The Morning Report

Tuesday, April 21, 2015

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Jefferson National Expansion Memorial (MO)
Man Gets Pickup Stuck While Driving In Railroad Tunnel

Rangers Dan Sweeney and Sean Beasley were on patrol last Tuesday when they received word that an unauthorized vehicle was on the train tracks that run through the park. A white Chevrolet Pickup was in the south tunnel facing southbound on the railroad tracks. The truck appeared to be wedged between the tracks and the wall of the south tunnel.

The driver appeared intoxicated and was taken into custody and moved away from the tracks. He was subsequently transferred to St. Louis Metropolitan Police custody.

The track is under the jurisdiction of the Terminal Railroad Association and is an active track, carrying both Amtrak passenger trains and freight trains from a number of other rail lines. Terminal Railroad engineers checked the tracks through the  tunnel and discovered damage to multiple railroad control boxes.

The railroad tracks are elevated along the Saint Louis riverfront. The nearest street-level crossing is at Biddle and North First Street, over a mile away. It appears that the driver drove onto the tracks and was able to negotiate his way along the tracks before becoming stuck in the tunnel on the Arch grounds.

At report time, Terminal Railroad Engineers were still working on removing the vehicle. They believed they had to bring a unit with a crane and a flatbed on at Biddle Street and drive down and extract the truck.

Steve Korsgren, law enforcement supervisor, acted as IC for the incident.

[Submitted by Mike Horton, Law Enforcement Specialist]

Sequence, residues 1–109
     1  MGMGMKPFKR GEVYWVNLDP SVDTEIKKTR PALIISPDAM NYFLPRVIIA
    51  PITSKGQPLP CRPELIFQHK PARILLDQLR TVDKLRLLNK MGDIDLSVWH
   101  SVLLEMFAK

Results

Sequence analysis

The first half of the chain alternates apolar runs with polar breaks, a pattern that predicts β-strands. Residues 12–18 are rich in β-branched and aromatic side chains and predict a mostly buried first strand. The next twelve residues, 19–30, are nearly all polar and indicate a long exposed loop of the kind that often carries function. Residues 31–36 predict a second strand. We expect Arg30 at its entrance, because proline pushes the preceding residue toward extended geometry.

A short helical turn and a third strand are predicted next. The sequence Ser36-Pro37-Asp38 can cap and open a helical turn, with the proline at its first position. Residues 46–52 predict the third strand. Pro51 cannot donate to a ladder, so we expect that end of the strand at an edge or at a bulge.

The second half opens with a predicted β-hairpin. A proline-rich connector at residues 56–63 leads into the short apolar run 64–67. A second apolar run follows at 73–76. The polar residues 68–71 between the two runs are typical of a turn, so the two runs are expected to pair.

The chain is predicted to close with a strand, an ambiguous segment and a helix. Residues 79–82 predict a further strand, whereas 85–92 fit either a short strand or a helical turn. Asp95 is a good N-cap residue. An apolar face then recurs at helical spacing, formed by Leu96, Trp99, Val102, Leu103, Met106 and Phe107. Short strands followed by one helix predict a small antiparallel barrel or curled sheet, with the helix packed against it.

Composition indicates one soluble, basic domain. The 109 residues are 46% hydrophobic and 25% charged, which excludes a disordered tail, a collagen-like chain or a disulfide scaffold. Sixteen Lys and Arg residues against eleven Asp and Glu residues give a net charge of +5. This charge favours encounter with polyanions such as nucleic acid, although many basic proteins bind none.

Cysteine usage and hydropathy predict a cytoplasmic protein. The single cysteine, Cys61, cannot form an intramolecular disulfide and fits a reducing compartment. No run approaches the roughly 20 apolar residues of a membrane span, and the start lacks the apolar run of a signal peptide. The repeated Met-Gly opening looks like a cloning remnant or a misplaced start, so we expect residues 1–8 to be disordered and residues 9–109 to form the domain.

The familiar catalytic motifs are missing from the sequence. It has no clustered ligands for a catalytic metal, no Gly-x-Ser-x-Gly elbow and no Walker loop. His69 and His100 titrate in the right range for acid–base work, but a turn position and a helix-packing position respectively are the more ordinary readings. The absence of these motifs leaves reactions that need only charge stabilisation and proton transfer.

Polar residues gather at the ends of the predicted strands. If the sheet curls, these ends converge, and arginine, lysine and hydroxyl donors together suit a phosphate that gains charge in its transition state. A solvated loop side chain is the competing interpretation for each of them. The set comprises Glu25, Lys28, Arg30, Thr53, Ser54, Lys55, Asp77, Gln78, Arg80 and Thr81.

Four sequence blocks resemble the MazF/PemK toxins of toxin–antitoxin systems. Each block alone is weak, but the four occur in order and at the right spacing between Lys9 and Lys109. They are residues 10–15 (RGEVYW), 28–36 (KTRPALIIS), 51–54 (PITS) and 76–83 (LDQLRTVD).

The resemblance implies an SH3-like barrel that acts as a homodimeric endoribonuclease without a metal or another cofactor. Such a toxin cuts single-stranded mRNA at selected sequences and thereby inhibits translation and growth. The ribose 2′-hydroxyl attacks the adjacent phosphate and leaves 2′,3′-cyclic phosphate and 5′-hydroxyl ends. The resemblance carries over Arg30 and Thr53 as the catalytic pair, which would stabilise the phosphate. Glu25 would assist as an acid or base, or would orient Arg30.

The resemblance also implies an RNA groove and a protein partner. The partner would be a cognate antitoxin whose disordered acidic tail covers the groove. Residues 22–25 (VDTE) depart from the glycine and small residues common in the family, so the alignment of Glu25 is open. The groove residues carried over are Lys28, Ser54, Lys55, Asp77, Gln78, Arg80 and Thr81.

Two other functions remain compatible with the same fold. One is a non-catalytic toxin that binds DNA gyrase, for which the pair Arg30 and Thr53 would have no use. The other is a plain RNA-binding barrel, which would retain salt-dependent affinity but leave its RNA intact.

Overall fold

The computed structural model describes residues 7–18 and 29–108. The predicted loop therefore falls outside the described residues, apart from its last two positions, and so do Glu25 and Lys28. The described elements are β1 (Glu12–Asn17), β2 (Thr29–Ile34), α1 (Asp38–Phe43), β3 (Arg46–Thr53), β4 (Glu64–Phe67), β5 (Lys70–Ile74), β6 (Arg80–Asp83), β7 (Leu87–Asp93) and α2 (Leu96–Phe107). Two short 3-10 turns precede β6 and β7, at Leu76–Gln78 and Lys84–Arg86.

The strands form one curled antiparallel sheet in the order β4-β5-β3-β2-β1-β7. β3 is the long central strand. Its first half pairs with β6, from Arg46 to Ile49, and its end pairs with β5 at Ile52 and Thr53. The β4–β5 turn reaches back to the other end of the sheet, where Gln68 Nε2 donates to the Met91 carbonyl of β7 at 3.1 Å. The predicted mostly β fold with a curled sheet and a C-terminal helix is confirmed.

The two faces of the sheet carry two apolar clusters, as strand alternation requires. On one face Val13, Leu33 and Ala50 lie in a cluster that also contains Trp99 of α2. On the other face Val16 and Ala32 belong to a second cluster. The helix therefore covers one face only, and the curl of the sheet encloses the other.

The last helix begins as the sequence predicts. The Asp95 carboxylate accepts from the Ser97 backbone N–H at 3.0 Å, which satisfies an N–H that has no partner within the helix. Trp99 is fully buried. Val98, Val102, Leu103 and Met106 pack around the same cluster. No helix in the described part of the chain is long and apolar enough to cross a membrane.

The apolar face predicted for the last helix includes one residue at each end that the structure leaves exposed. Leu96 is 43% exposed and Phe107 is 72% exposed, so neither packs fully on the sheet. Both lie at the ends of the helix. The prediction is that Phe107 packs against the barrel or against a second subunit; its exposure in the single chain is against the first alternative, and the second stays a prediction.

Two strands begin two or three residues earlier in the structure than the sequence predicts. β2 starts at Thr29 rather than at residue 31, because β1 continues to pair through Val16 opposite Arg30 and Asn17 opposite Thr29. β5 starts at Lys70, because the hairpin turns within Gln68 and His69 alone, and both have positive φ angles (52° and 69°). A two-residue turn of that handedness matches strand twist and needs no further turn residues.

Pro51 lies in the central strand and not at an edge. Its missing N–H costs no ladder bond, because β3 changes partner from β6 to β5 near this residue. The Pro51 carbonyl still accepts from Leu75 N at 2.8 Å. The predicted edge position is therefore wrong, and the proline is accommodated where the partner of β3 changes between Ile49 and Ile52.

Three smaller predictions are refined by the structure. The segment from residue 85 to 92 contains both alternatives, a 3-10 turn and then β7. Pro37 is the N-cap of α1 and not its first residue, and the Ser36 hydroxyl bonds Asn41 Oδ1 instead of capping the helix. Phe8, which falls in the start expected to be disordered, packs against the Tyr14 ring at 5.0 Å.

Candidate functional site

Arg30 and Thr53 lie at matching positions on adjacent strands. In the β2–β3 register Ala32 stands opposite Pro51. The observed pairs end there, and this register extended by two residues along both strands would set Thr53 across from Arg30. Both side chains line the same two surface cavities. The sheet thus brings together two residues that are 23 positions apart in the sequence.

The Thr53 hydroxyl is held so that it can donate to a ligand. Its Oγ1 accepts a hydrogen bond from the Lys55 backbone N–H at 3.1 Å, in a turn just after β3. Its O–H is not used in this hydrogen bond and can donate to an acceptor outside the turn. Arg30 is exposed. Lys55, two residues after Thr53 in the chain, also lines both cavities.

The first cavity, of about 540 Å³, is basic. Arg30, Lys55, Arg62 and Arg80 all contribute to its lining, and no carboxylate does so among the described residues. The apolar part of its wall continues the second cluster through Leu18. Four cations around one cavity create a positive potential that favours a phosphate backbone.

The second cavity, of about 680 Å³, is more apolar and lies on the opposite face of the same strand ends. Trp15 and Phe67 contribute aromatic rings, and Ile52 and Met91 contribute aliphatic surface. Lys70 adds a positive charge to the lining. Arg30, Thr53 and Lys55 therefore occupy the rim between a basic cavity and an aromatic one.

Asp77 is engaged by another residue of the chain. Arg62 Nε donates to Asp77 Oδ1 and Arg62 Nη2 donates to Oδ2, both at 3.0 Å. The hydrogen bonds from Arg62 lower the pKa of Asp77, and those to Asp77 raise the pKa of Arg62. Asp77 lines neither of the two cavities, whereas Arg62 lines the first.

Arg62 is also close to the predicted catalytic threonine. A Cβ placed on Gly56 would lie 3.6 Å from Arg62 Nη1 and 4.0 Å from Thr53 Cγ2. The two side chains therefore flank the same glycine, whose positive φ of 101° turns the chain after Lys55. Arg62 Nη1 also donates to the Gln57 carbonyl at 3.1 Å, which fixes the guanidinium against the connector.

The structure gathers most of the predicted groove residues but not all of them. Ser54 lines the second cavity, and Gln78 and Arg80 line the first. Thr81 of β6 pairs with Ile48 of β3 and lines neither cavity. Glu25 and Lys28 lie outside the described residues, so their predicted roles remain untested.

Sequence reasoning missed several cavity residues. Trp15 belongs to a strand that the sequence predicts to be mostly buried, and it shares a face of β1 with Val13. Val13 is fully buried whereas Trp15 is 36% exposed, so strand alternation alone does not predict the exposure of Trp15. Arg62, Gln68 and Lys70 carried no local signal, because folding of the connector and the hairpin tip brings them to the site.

Capitol Reef National Park (UT)
Park Receives Gold Tier Dark Sky Designation

Capitol Reef National Park has become the seventh unit of the National Park Service to achieve designation as an International Dark Sky Park by the International Dark-Sky Association. It has been named a “Gold Tier” park, the association's highest ranking.

The designation was made during International Dark Sky Week, an annual event to raise awareness of light pollution and celebrate the beauty of the night sky.

Over the past year, park staff have followed through on a commitment to attain this designation. The park conducted an outdoor lighting inventory,  made improvements to outdoor light fixtures that increased the park’s “night-friendly” lighting from 30 percent to 70 percent, completed night sky monitoring, and engaged the public and local community in dark-sky conservation.

With this designation, Capitol Reef begins the process of bringing all of its outdoor lighting up to the new standard and continues to monitor night skies and provide outreach and education.

"This year’s Heritage Star Festival on October 9 and 10 will celebrate the achievement of this International dark-sky designation and provide the public information about our conservation efforts, as well as encourage the appreciation of Capitol Reef’s beautiful night skies,” says Superintendent Leah McGinnis.

The park was assisted by the NPS Natural Sounds & Night Skies Division, which provided technical support to help the park build its popular public astronomy programs, and by Intermountain Regional Office. Additional assistance with the project came from park partners, the Entrada Institute and Capitol Reef Natural History Association, as well as help from volunteers.

CRNP’s Gold Tier dark-sky designation exemplifies the efforts of the NPS to embrace "Starry Starry Night," an NPS initiative that pledges the agency to "lead the way in protecting natural darkness as a precious resource and create a model for dark sky protection by establishing America’s first Dark Sky Cooperative on the Colorado Plateau.”